With Chronic Illness, I Grieve Spontaneity and Savor the Simple Things
Weighing the cost and reward of each of life's activities requires grace
It happens often — probably more than I’d like to admit. In a moment of daydreaming, I’ll picture myself doing something both ordinary and unimaginable. On a crisp morning, perhaps, I awake and throw a sweater over my pajamas. I meander downstairs, stopping in the kitchen only long enough to pour a cup of coffee before exiting the back door and wandering down the backyard, to the water’s edge.
I remain there just long enough to appreciate the stillness of the morning before beginning my hike back up the yard, ready to begin my day. There was no goal or purpose in the act. It was simply something I woke up and wanted to do.
It’s so ordinary, something many wouldn’t think twice about. However, it’s not my reality. For most of my life, I have been tethered to tubes, medications, and schedules. For most of my life, I have been grieving an absence of spontaneity.
To achieve something like this now would require about 45 minutes of preparation. I would have to wake up, administer my nebulizer treatments, and switch from a ventilator to an oxygen tank, giving my lungs time to adjust to the difference, all before embarking on this small adventure.
Even with this checklist tackled, there are still caveats. How am I feeling today? Am I well enough for this? How will it impact the rest of my day? What is the consequence, and is it worth it? Let’s say all of the above checks out. There is still something in all of this effort that takes away from the sweetness of the result. Do I really want to go sit by the lake that badly?
When living with PH, something like this may have been possible, but the exhaustion and shortness of breath it would have caused early in the day wouldn’t have been worth the trade-off. And that describes much of my life with chronic illness.
I could do it … but is it worth it?
There are many days when I crave freedom from these things that tie me down. With PH, something like deciding to go to a concert with friends, or even going out to dinner in the city, would induce a great deal of anxiety. What would the parking be like? Are there stairs I’d have to climb? What if my illness ruins it for everyone?
While trapped in this mindset, achieving anything can feel like a herculean task. As a response, it can become easy, even habitual, to not make the attempt at all.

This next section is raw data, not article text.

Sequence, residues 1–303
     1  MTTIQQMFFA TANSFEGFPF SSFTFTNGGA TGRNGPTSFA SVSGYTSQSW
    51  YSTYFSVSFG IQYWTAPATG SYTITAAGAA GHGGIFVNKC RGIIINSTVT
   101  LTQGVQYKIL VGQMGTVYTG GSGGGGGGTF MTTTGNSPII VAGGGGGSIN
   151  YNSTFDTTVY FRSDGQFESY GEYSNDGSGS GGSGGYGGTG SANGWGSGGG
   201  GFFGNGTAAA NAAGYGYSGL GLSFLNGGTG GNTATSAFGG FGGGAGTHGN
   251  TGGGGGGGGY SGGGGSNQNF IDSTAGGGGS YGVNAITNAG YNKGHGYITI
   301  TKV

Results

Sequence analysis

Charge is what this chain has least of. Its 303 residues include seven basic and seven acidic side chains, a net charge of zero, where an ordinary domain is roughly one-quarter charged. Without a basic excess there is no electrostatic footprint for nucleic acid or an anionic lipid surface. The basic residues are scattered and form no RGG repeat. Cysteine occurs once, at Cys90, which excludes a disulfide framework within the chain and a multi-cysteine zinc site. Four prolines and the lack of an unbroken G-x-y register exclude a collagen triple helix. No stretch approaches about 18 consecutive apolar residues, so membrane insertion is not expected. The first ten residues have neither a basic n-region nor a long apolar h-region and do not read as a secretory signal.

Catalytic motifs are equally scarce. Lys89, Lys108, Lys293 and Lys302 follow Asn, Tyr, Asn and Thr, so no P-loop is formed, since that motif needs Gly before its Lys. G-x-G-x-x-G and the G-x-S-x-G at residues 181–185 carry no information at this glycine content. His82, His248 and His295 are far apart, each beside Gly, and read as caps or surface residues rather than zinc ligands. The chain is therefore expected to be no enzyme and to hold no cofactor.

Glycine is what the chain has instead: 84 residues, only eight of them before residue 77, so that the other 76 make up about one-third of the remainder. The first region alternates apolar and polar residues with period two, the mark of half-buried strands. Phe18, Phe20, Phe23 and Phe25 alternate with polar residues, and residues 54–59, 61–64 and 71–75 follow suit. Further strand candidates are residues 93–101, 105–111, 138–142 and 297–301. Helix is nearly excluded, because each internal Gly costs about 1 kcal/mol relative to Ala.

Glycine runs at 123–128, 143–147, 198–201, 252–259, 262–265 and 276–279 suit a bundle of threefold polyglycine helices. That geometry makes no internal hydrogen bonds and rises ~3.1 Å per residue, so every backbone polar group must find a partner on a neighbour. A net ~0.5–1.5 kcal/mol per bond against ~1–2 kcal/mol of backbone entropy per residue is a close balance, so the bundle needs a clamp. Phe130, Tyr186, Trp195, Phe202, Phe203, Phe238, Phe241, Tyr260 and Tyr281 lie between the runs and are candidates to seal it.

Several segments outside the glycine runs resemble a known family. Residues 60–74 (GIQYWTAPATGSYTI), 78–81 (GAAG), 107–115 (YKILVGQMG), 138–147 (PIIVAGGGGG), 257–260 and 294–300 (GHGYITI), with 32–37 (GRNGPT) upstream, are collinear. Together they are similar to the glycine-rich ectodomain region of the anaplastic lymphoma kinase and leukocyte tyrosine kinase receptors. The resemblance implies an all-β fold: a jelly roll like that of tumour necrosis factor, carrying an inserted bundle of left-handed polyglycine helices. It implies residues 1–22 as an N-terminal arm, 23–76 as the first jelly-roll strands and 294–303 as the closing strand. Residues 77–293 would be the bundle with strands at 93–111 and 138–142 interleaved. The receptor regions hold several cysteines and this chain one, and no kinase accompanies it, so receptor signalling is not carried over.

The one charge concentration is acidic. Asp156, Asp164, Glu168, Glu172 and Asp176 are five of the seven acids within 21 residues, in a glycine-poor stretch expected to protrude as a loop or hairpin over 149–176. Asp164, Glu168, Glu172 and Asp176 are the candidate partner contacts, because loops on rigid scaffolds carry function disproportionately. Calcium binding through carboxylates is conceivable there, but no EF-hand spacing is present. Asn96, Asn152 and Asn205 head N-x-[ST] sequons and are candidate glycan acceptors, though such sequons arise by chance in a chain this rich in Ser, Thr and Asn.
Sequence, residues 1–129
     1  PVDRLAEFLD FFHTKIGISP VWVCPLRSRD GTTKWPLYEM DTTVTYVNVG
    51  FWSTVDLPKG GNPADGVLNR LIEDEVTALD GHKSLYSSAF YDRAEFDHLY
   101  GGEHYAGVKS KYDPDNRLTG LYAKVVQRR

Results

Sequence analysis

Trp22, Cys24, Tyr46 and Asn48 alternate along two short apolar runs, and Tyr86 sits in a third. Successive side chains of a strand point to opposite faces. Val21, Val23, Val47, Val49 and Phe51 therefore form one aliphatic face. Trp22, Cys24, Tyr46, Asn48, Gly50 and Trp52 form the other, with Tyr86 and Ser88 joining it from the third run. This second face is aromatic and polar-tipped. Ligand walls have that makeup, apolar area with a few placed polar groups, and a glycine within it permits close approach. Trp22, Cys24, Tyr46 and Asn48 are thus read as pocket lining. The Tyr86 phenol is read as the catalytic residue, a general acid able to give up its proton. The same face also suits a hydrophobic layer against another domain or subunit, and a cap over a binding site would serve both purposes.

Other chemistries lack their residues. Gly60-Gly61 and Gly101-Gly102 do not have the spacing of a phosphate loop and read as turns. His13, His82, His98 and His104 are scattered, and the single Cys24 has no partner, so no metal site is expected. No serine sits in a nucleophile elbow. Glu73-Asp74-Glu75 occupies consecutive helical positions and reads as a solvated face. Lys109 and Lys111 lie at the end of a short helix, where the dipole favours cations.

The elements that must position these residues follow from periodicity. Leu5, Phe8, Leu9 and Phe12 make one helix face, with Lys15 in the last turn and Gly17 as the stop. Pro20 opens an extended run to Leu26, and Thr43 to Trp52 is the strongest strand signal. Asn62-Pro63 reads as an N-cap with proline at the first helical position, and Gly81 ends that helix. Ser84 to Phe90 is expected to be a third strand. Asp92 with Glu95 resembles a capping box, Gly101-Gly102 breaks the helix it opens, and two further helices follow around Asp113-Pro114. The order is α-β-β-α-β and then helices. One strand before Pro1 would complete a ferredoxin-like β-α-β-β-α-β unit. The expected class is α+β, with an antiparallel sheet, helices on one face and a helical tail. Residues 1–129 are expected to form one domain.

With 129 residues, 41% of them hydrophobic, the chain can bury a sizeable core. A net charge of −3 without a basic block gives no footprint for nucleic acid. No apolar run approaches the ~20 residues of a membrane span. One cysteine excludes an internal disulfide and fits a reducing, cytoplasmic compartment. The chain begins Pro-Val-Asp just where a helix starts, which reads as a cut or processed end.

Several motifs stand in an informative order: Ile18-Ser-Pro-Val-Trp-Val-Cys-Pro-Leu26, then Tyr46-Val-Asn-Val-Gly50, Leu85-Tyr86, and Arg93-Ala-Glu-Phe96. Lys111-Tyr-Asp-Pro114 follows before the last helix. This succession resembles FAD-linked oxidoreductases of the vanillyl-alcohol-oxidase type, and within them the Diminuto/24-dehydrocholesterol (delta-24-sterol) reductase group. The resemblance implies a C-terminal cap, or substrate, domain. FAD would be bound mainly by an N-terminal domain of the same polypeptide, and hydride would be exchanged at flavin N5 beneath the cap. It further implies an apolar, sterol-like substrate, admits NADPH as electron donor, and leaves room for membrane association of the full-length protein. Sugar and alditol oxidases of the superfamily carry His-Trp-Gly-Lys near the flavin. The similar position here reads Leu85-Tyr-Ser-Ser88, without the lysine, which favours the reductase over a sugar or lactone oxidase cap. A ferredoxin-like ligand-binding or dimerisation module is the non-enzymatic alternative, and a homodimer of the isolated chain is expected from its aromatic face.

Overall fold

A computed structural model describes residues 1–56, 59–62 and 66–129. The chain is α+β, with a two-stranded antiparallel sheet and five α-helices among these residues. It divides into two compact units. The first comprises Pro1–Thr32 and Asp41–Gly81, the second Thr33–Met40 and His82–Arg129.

Throughout college in particular, I missed a lot — things like a concert in Colorado, a road trip to Florida for spring break. They weren’t things that I could justify, even with proper planning. But there was still so much to enjoy. A family trip to Florida, where my parents could support me, lots of nights with my roommates at a nearby cabin, countless meals out in the city — these are the things that make my life beautiful and worthwhile.
All things considered, it seems the best thing I can do is to capitalize on the moments in life that have a big enough reward to offer in exchange for the effort. Most mornings I won’t find myself waking up and feeling that a lakeside stroll is worth the effort I would have to put in. I can see the water from my window. I appreciate it still — a compromise.
But I also make sure not to hesitate when the things that are achievable and worthwhile present themselves. At the end of the month, my family will be spending a week up north. Along with me, we will bring about eight or nine large pieces of medical equipment. Last year, it took two cars. But the payoff was indescribable, and we know it is absolutely worth replicating.
I would give anything to wake up and do whatever I want, go wherever I want. But I occupy a body that requires more tending than some. And I know that to enjoy anything, I must honor my schedule, my needs, and my medications before taking off. In all of this, I let myself grieve the absence of spontaneity in my life. But I also don’t let myself overlook the life that I do have. I don’t let it pass me by without putting in the work to enjoy the better days.
Note: Pulmonary Hypertension News is strictly a news and information website about the disease. It does not provide medical advice, diagnosis, or treatment. This content is not intended to be a substitute for professional medical advice, diagnosis, or treatment. Always seek the advice of your physician or other qualified health provider with any questions you may have regarding a medical condition. Never disregard professional medical advice or delay in seeking it because of something you have read on this website. The opinions expressed in this column are not those of Pulmonary Hypertension News or its parent company, BioNews, and are intended to spark discussion about issues pertaining to pulmonary hypertension.